September 14, 2016
Tusk's confusing message
The German media got their hands on a letter sent by Donald Tusk to the EU leaders ahead of the Bratislava summit this Friday, in which they are due to discuss the future of a post-Brexit EU. It is also the first summit in modern times, in which the UK does not take part.
Tusk's letter contains a whole string of truisms so much so that one finds it hard to stop nodding in agreement. But what changes is he actually proposing? He says it would be a fatal mistake to interpret the Brexit vote as a typically British problem. He sees it as a desperate attempt to answer questions that millions of Europeans are asking themselves every day. Really? Either Tusk did not understand the nature of the UK's debate - which was about stopping EU migrants - or he confounds these issues on purpose. The British debate had nothing to do with fortifying the EU external borders. Tusks is right that the external borders have to be better protected, but this is an entirely unrelated issue.
He then goes on to say the Europeans want to know whether their leaders are capable of regaining the control of events, which are confusing and frightening them. We suppose that he is expressing the problem of external migration. And, he continues, once people conclude that they are not protected, they will look for alternatives, and they will find them.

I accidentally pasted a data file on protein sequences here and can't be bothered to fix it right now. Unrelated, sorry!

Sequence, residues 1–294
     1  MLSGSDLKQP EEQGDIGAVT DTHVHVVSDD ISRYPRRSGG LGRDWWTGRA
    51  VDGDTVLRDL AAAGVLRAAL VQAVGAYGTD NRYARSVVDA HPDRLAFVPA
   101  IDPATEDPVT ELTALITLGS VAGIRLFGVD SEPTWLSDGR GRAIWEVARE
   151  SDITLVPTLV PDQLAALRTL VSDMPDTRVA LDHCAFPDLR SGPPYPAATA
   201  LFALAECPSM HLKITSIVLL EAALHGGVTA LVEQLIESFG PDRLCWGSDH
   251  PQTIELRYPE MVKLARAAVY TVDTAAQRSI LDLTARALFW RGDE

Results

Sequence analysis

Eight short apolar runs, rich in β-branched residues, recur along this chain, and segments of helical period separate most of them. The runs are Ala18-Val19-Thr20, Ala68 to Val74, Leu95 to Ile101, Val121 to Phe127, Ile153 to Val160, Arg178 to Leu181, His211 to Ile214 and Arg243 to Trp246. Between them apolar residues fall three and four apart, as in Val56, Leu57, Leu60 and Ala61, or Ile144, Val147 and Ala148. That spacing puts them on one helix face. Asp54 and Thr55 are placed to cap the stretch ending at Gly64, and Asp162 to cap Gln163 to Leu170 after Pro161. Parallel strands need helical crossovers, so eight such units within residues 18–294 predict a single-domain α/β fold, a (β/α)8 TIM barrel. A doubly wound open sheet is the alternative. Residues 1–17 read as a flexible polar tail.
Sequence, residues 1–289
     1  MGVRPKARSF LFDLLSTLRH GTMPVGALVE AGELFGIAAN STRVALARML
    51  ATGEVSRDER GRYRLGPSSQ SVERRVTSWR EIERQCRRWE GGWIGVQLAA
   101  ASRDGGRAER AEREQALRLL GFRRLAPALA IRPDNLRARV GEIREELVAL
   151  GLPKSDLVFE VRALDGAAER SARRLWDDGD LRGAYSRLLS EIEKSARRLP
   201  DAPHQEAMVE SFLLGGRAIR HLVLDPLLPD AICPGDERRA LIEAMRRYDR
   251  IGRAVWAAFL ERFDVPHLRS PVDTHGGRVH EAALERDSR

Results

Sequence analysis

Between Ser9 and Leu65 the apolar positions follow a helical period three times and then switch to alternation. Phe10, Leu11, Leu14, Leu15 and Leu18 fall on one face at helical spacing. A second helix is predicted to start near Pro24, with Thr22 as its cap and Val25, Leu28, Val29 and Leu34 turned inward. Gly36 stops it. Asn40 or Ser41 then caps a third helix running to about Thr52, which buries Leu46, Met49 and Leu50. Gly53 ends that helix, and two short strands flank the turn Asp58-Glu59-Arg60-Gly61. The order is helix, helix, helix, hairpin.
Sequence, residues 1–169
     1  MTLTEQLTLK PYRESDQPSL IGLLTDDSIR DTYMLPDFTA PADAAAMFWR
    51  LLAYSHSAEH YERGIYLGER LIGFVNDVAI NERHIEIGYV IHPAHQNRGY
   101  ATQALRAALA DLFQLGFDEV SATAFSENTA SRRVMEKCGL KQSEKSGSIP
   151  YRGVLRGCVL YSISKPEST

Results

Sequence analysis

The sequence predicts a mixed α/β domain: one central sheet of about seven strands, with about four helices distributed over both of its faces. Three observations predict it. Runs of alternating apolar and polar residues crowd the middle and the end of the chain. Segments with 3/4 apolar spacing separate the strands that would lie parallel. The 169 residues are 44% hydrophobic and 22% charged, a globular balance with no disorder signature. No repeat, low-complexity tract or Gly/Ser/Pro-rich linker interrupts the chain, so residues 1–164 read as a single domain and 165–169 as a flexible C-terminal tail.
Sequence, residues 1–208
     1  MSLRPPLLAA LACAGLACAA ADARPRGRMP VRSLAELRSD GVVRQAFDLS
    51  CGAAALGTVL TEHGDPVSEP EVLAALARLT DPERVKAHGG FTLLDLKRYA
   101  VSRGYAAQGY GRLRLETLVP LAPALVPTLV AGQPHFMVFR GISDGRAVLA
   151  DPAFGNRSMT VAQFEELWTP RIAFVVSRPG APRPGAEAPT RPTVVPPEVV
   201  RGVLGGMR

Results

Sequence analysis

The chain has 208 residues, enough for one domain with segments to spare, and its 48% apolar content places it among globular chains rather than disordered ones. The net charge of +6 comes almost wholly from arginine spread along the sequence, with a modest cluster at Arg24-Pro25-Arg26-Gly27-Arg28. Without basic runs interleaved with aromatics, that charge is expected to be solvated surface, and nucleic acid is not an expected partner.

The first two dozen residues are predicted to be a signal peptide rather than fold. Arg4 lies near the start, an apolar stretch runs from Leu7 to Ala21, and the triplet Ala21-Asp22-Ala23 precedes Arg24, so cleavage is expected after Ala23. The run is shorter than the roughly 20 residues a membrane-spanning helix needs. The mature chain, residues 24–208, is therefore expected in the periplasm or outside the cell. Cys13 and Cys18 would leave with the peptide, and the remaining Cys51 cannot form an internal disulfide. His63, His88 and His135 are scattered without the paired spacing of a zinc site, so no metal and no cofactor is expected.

Another platitude was his plea to be more inclusive of those who are opposed to the establishment view on economic and social policy, as the TTIP opponents do. He did, of course, not call for TTIP to be ditched, which is the one and only thing the TTIP opponents want. One gets the impression that this is about language, not about about substance.
The wider pre-Bratislava commentary is rather noisy. Jean Asselborn, the foreign minister of Luxembourg, caused a bit of a stir with his comment that the Hungarians should be kicked out of the EU.
And the FT has a quote by Markus Ferber, a senior CSU MEP, who said that after Brexit the "Club Med" countries are a blocking minority in the EU "with which they will obstruct all the laws that don’t suit them". He is then quoted describing the countries as “a strong coalition of reform-resistant redistributors”. Nice alliteration.
There is a lot confused thinking ahead of the informal EU summit. Minus the UK, the EU is essentially the eurozone. The eurozone has still not recovered from the crisis - and this is the root of the insurrection mindset of electorates, and the readiness to embrace anti-establishment candidates. We very much agree with the idea of further co-ordination on internal and external security, on the lines the French and Germans have suggested. But there is no point in starting a new phase of integration when the existing phase is incomplete, and not likely to be completed. If you don't solve the problems in the eurozone, you will depress real incomes, which is the main factor driving the hostility towards migrants. The solution is not to keep the migrants out, but to fix the economy.
We find it astonishing to see the extent to which Tusk is misreading the UK Brexit vote. The EU's external borders were not a central issue since the UK is not part of the Schengen area. The UK wants intra-EU immigration controls. Is Tusk saying that this is a message we should be listening to? If so, he should be more explicit.